Designation of Commercial Waste Zones

Adopted Rules: Closed to Comments

Effective Date: 
Sunday, March 15, 2020
Download Copy of Adopted Rule (.pdf): 

Statement of Basis and Purpose of Final Rule

Each year in New York City, more than 100,000 commercial establishments generate more than 3 million tons of refuse and recyclables. Approximately 90 private carters collect this waste from commercial establishments across the City.

The current system for collecting commercial waste from the City’s businesses has been plagued by dangerous driving and insufficient attention to public safety, harmful environmental impacts, and poor customer service. Since 2010, private waste collection trucks have killed at least 28 people on New York City streets.

In some parts of the city, more than 50 carters service a single neighborhood, and an individual commercial block may see dozens of different private waste collection trucks on a given night. This has resulted in millions of excess truck miles driven every year that harm the City’s air quality, increase greenhouse gas emissions, create noise pollution and negatively impact public health. Additionally, the industry has lacked strong customer service standards, and pricing has remained unclear and confusing to most customers, putting small businesses at a significant disadvantage.

In response to these documented problems in the commercial waste collection industry, the Department released a comprehensive plan for reforming the private carting industry in November 2018 (“the Plan”), available at The Plan proposed the establishment of commercial waste zones - a safe and efficient collection system to provide high quality, low cost service to New York City businesses while advancing the City’s zero waste and sustainability goals. The Department developed this plan after years of extensive public outreach and engagement with a wide variety of stakeholders. On November 20, 2019, Local Law number 199 for the year 2019 was enacted, which authorizes the Department to create a commercial waste zones system.


Under Local Law 199, codified in Title 16-B of the New York City Administrative Code, the Sanitation Commissioner must divide the geographic area of New York City into at least 20 “commercial waste zones.” This rule describes the 20 zones designated by the Commissioner and provides a map.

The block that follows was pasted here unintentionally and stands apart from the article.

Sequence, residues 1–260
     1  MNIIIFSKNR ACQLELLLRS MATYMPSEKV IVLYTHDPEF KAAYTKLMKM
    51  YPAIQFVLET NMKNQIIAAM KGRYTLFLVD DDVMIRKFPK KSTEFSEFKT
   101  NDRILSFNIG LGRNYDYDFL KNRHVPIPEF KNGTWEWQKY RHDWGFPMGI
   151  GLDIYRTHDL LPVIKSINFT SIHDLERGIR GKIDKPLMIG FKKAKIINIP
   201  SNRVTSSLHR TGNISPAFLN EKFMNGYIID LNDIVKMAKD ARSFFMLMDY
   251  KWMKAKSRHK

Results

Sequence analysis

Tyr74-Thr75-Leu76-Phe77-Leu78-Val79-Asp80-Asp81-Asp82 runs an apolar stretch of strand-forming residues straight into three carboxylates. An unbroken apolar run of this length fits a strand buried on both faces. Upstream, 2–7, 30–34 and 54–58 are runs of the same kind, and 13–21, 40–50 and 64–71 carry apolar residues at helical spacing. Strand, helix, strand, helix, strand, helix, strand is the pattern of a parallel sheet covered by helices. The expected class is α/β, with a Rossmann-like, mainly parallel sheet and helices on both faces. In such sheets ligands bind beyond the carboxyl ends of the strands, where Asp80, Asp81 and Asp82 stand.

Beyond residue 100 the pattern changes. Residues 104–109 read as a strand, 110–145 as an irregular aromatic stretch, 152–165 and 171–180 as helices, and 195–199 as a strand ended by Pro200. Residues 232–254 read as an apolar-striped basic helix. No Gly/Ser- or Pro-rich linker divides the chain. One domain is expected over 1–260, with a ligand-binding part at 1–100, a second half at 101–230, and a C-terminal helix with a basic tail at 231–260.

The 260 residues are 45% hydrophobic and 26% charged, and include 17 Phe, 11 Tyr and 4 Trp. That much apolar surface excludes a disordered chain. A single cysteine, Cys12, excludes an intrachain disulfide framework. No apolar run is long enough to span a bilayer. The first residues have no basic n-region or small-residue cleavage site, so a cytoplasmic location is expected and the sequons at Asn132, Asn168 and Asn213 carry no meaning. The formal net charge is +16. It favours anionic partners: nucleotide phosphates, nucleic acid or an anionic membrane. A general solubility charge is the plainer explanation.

The zone map described here largely reflects the zone map described in the Plan, with a few differences. While the Plan assumed that certain zones in Manhattan would have up to five carters operating, Local Law number 199 authorizes up to three carters per zone. Accordingly, the Department made some adjustments to reflect this change, taking into consideration the number of customers and the average tonnage of waste per contract and per zone. First, this map divides lower Manhattan into two zones. It also consolidates three Brooklyn zones described in the Plan into two zones. Finally, this map includes geographic areas of the City that are not assigned to community districts, such as Central Park, which were not included in the map described in the Plan.

The following is a map of the zones described in this rule. In this map, the numbers refer to either community districts or “Joint Interest Areas,” or “JIAs” which denote geographic areas of the City identified by the Department of City Planning that are not assigned to community districts, as described on the Department of City Planning webpage: The colors denote the different commercial waste zones, which are labeled with the zone names.


This is the first of several rules that the Department intends to propose to implement the program. Thereafter, the Department will use a competitive procurement process to select up to three private carters to service businesses within each commercial waste zone. The competitive solicitation process will also be used to select up to five carters to provide containerized commercial waste collection services citywide. This process will identify the carters that can provide high quality service at low prices. The resulting contracts will include standards for pricing, customer service, safety, environmental health, and requirements to promote the City’s commitment to recycling and sustainability.


Commercial waste zones will apply to the collection of commercial refuse, recyclables, and source-separated organic waste. It will exclude specialized or intermittent waste streams, such as construction and demolition debris, medical waste, hazardous waste and other types of waste that will continue to be collected and managed under existing City and State regulations.

Under the new commercial waste zones system, instead of dozens of different carters operating in a City neighborhood on a given night, only a few carters will operate in each area. With fewer trucks on the streets and shorter routes, zoned collection will also mean improved traffic and air quality and less unsafe driving behavior and worker fatigue. Citywide, the adoption of the commercial waste zones system will dramatically reduce truck traffic associated with this industry by 50 percent. This system will improve the quality of life of all New Yorkers, serve the needs of the City’s local businesses, and support the City’s short and long-term goals for a cleaner, safer, and more sustainable city.

DSNY’s authority to promulgate these rules is found in New York City Charter §§ 753 and 1043, and Administrative Code § 16-1001.